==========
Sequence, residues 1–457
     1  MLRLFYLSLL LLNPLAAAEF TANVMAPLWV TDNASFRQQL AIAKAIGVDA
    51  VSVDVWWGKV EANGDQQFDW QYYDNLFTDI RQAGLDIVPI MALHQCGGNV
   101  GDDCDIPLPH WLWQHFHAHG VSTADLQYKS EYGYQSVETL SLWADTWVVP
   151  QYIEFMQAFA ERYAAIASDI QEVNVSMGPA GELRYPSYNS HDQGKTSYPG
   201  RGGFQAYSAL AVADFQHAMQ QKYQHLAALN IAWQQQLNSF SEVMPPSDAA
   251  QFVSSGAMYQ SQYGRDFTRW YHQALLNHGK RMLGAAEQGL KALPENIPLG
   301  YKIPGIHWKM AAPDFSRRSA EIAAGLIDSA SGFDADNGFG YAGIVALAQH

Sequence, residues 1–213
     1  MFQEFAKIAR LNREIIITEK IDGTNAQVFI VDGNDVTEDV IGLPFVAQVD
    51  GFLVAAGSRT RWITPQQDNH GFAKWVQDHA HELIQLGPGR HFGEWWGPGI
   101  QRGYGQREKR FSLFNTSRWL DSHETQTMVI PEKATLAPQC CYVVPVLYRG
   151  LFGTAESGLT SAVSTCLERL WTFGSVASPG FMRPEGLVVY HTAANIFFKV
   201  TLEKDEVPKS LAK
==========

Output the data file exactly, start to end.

Sequence, residues 1–457
     1  MLRLFYLSLL LLNPLAAAEF TANVMAPLWV TDNASFRQQL AIAKAIGVDA
    51  VSVDVWWGKV EANGDQQFDW QYYDNLFTDI RQAGLDIVPI MALHQCGGNV
   101  GDDCDIPLPH WLWQHFHAHG VSTADLQYKS EYGYQSVETL SLWADTWVVP
   151  QYIEFMQAFA ERYAAIASDI QEVNVSMGPA GELRYPSYNS HDQGKTSYPG
   201  RGGFQAYSAL AVADFQHAMQ QKYQHLAALN IAWQQQLNSF SEVMPPSDAA
   251  QFVSSGAMYQ SQYGRDFTRW YHQALLNHGK RMLGAAEQGL KALPENIPLG
   301  YKIPGIHWKM AAPDFSRRSA EIAAGLIDSA SGFDADNGFG YAGIVALAQH

Sequence, residues 1–213
     1  MFQEFAKIAR LNREIIITEK IDGTNAQVFI VDGNDVTEDV IGLPFVAQVD
    51  GFLVAAGSRT RWITPQQDNH GFAKWVQDHA HELIQLGPGR HFGEWWGPGI
   101  QRGYGQREKR FSLFNTSRWL DSHETQTMVI PEKATLAPQC CYVVPVLYRG
   151  LFGTAESGLT SAVSTCLERL WTFGSVASPG FMRPEGLVVY HTAANIFFKV
   201  TLEKDEVPKS LAK